Rats, facilities problems, and low-test scores plague high-poverty schools

Rats, facilities problems, and low-test scores plague high-poverty schools
October 12 15:01 2018 Print This Article

 

Charleston County School Board member Kevin Hollishead led a press conference Friday concerning the inequity of Charleston County School District (CCSD) facilities and maintenance. Standing in front of the CCSD headquarters, Hollinshead stated, “North Charleston provides the largest (sales) tax base in Charleston County, yet the North Charleston schools are under-served in capital spending.” CCSD has a $500 Million capital spending program funded by a 1% sales tax, which was approved by voters in 2014. A measure to re-authorize the sales tax will go before voters in 2020.

Hollinshead cited the recent rat infestation problem at Garrett Academy of Technology as a long-standing maintenance issue. He also pointed to Deer Park Middle School in North Charleston, which has toilets that frequently clog, no kitchen and a tiny cafeteria which only seats one-sixth of the students at one time. Former Deer Park principal and current school board candidate Paul Padron frequently contacted CCSD about the inadequate facilities, but no corrective action was taken during his two years at the school, which is located at the former Northwoods Academy site.

Many of the participants at the press conference noted that teachers and principals are afraid to come forward about facilities problems, fearing retribution from CCSD leadership. North Charleston community activist Elvin Speights notes that teachers from Mary Ford Elementary, the former Ron McNair Elementary (which now houses Burns Elementary), Morningside Middle School and C.E. Williams Middle School have all contacted him with reports of rodent infestation at their schools.

Former school board candidate Louis Smith from North Charleston said that school facilities in CCSD show a glaring example of a district with “the haves and the have-nots.” Johnson said that as bad as the facilities are in the schools with a high minority population, the quality of education is even worse. He said,”We should be giving our students a 21st Century education, but that’s not happening.” The North Charleston neighborhood schools mostly have fewer than 20% of students performing at or above grade level in English and math, according to the 2017-2018 SC Ready test scores. At Chicora Elementary School in North Charleston, only 1.2% of 5th grade students performed at or above grade level in math. District-wide, only 11.5% of black students in 7th grade performed at or above grade level in math. CCSD has not published the SC Ready scores on its website, even though they have been out for more than a month.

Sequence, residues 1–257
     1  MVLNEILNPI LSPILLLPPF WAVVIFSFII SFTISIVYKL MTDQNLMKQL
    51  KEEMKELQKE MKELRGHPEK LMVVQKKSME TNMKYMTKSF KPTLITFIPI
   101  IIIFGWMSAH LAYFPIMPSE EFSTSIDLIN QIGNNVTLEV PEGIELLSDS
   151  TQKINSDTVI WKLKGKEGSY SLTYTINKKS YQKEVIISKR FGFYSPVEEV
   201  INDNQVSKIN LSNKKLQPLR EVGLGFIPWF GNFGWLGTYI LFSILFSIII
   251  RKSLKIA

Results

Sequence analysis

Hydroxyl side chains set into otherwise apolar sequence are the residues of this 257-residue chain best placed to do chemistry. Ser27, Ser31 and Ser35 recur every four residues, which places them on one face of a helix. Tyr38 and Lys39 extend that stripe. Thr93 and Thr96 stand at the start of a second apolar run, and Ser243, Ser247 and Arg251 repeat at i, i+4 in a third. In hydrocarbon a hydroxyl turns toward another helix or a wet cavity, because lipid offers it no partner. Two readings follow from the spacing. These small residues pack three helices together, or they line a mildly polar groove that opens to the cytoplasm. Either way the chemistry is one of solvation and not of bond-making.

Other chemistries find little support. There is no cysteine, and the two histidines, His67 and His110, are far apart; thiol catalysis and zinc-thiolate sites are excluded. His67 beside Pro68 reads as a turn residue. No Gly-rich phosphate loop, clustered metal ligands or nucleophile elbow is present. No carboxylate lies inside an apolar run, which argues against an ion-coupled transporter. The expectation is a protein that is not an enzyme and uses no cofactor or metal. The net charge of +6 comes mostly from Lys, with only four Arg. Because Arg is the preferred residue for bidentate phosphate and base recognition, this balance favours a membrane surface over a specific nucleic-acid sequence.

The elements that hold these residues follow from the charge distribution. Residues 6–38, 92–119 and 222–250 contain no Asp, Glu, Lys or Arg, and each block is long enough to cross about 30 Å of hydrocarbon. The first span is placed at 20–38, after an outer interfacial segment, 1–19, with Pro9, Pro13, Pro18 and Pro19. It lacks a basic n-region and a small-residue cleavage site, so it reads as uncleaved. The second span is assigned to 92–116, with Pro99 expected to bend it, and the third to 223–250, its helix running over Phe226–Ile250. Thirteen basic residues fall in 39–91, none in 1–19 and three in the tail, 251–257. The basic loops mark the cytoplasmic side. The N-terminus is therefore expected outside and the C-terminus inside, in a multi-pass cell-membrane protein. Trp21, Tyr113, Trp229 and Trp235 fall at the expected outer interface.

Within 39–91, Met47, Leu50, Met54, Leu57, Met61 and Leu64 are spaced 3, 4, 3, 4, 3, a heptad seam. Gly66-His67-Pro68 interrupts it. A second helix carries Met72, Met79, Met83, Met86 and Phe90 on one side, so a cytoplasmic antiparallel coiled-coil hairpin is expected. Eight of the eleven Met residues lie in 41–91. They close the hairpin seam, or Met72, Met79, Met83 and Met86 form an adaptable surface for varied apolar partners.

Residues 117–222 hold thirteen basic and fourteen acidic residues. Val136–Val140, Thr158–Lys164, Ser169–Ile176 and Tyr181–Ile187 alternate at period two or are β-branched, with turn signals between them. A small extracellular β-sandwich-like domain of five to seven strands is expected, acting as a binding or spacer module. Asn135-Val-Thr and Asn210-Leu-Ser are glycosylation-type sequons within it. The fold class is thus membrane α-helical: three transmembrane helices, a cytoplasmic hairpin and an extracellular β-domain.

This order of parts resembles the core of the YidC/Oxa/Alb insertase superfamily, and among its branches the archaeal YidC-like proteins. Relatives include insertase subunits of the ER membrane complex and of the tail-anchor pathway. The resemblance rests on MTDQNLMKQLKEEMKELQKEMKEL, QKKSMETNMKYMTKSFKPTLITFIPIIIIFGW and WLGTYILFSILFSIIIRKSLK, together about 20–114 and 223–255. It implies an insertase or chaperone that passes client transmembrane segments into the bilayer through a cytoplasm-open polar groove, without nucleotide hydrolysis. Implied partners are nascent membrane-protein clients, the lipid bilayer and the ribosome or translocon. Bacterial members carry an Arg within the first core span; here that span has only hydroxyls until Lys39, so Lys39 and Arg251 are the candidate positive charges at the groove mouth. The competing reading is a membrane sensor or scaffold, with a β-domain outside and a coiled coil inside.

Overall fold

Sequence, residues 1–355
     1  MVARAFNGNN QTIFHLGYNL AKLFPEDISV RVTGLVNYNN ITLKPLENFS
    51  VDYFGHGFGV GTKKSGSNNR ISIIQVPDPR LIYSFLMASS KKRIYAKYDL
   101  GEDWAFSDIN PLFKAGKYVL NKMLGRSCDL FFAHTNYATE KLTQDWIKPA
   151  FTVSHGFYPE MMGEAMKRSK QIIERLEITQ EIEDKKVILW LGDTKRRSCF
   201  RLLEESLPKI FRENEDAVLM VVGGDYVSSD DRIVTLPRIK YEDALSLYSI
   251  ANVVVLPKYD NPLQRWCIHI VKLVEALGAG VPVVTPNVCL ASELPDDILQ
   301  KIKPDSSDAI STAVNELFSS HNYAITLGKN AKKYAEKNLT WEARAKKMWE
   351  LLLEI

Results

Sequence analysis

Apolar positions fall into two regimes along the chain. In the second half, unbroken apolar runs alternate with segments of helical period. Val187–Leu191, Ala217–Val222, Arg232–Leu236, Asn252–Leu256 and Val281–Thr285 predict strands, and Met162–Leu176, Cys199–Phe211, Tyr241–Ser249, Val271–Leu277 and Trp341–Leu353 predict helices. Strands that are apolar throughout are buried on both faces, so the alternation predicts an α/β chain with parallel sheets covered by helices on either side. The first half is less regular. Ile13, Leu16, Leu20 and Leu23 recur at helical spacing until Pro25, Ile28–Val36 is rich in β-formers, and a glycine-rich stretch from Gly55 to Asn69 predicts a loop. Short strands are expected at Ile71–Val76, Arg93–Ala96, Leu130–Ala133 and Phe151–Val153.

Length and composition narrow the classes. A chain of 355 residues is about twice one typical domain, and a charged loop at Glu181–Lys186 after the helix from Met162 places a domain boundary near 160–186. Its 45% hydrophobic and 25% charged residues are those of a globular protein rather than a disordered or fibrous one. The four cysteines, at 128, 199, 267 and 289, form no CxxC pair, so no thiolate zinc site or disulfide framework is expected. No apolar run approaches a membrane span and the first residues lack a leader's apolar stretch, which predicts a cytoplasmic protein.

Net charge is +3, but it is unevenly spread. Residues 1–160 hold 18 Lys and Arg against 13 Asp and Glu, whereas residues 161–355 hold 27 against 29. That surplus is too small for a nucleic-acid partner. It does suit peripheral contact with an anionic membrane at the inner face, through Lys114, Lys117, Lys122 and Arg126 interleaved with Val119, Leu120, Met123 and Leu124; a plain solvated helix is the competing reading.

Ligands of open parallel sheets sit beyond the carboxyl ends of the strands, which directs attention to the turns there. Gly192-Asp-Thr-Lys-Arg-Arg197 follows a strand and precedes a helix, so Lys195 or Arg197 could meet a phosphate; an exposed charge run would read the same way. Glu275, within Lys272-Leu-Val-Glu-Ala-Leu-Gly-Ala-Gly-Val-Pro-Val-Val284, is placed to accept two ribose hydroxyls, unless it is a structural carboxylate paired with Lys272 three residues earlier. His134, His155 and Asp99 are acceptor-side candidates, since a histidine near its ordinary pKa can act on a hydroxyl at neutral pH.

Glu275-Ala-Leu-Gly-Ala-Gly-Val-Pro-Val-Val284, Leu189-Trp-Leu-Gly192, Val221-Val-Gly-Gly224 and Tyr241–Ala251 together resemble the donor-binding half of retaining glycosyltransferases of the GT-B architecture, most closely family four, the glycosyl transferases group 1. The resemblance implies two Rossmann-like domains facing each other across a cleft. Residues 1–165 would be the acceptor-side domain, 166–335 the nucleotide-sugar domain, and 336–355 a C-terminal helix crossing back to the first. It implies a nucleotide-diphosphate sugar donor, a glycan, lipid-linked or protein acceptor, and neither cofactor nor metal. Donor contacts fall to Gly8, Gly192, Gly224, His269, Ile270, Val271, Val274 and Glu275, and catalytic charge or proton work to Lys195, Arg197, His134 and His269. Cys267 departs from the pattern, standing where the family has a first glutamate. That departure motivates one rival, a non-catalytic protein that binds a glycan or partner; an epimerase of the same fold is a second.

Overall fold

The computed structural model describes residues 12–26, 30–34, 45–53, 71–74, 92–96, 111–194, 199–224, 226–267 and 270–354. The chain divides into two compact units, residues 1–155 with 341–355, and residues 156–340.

Former school board member Elizabeth Moffly, who lives in Awendaw, said the November 6 school board elections are crucial, with four seats on the ballot. She said, “If you don’t like the way the schools are performing, you don’t have to take it.” Moffly described the three incumbent school board members on the ballot, Chairwoman Kate Darby, former Chairwoman Cindy Bohn Coats, and Eric Mack as “shills for the administration” and urged people to vote them out of office. Absentee voting is already underway and will continue up until Monday, November 5 at 5 pm. The North Charleston absentee voting station is open now at Royal Missionary Baptist Church, and West Ashley and Mt. Pleasant absentee voting stations will open Monday, October 22 at Sea Coast Church.